Brightness

Specifies the amount of detail preserved from the original audio. High brightness simulates a room with live (highly reflective) acoustics.

Dry Out, Wet Out

The amounts of the original (dry) sound and delayed (wet) sound in the final output. Values of 50% are commonly used.

Stereo Mixer effect

The Stereo Mixer effect mixes the left and right channels of audio and pans the entire signal from one channel to the other.

Invert Phase

Inverts the phase of both channels of the stereo signal. Use this control to prevent two sounds at the same frequency from canceling each other out.

Tone effect

The Tone effect synthesizes simple audio tones to create sounds, such as the low rumble of a submarine, a telephone ringing in the background, sirens, or a laser blast. You can have up to five tones for each instance of the Tone effect, to create a chord. When you apply this effect to a layer with audio, the dry (original, unprocessed) audio is ignored, and only the tone plays.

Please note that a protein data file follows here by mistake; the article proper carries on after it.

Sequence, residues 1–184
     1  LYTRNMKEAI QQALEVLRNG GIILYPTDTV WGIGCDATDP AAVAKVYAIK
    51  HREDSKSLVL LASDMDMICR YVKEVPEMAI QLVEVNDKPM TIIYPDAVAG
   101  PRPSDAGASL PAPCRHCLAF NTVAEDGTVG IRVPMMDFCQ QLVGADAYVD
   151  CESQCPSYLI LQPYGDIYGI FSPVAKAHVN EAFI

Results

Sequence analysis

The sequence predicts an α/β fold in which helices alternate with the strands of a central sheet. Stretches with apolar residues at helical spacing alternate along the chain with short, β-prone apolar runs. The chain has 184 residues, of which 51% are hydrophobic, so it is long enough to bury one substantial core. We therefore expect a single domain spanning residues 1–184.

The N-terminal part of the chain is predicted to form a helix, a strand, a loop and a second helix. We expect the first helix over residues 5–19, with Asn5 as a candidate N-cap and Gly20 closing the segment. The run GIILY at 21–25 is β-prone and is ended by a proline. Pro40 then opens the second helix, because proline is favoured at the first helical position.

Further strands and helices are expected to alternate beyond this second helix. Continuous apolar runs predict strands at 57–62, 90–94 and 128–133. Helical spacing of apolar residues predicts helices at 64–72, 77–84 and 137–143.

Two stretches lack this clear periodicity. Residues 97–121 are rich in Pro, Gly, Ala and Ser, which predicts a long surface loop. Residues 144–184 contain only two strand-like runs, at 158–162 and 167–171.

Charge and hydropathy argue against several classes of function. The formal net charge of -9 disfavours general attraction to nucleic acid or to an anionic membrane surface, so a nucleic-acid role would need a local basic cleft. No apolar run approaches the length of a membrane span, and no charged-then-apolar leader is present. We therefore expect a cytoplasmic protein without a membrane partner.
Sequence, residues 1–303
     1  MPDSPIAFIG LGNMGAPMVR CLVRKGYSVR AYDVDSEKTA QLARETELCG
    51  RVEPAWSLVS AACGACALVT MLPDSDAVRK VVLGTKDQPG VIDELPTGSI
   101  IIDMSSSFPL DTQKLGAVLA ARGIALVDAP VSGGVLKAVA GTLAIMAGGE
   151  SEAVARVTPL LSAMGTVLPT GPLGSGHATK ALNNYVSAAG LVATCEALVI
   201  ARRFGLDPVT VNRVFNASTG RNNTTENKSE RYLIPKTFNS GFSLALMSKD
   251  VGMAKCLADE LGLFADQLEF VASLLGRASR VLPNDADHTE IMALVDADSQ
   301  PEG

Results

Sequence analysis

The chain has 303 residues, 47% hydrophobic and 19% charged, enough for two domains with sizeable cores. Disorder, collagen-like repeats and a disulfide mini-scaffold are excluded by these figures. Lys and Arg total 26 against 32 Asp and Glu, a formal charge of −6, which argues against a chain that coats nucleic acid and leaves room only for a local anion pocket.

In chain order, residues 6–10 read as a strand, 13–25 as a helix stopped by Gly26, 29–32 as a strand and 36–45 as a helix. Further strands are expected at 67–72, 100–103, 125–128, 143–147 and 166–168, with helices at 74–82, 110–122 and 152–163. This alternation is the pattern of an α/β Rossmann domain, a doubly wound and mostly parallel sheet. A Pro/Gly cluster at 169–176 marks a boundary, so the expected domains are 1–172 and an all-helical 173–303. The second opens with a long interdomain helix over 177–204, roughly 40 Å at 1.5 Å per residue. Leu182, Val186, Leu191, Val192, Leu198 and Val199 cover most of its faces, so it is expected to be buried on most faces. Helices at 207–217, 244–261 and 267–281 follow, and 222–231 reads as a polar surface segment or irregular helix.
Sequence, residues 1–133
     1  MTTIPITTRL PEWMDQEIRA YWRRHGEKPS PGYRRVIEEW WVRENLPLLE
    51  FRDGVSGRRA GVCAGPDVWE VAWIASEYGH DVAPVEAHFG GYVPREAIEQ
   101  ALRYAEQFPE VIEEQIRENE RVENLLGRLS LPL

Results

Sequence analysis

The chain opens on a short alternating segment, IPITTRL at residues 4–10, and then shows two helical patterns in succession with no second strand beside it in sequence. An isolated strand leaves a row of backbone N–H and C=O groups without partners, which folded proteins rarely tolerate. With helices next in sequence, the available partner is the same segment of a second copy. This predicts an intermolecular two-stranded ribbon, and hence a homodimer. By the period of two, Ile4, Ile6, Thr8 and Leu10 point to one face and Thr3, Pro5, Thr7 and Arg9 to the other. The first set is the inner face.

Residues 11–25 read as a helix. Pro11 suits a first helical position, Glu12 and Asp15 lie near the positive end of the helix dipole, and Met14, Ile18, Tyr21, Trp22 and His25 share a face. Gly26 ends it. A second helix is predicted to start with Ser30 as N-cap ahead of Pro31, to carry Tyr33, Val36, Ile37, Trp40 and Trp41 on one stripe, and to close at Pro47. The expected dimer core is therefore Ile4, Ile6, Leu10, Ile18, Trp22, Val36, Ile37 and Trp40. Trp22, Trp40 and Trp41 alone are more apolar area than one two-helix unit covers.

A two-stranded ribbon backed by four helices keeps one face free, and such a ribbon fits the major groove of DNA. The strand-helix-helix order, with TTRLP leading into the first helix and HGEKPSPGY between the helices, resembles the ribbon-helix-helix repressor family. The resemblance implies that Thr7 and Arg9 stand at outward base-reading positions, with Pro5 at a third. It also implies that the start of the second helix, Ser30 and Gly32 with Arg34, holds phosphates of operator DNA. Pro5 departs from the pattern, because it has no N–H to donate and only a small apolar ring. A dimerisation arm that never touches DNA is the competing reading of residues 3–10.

You can also apply the Tone effect to a layer that has no audio, such as a solid layer, to synthesize audio.

Note:

The Tone effect doesn’t generate audio on a placeholder layer; for the effect to generate audio, replace the placeholder with a footage item.

Waveform Options

Specifies the type of waveform to use. Sine waves produce the purest tones. Square waves produce the most distorted tones. Triangle waves have elements of both sine waves and square waves but are closer to sine waves. Saw waves have elements of both sine waves and square waves but are closer to square waves.

Frequency

Frequency in Hz. To turn off a tone, set its frequency to 0.0.

Level

Changes the amplitude of all tones in this instance of the effect. To avoid clipping and popping, use a Level value that is no greater than 100 divided by the number of frequencies you use. For example, if you use all five frequencies, specify 20%.

Note:

To avoid clicks at the end of a tone, set a keyframe for the desired Level value at the frame immediately before the end of the tone, and then set a keyframe for a Level value of 0.0 at the end of the tone. This technique works well for any audio that you end abruptly.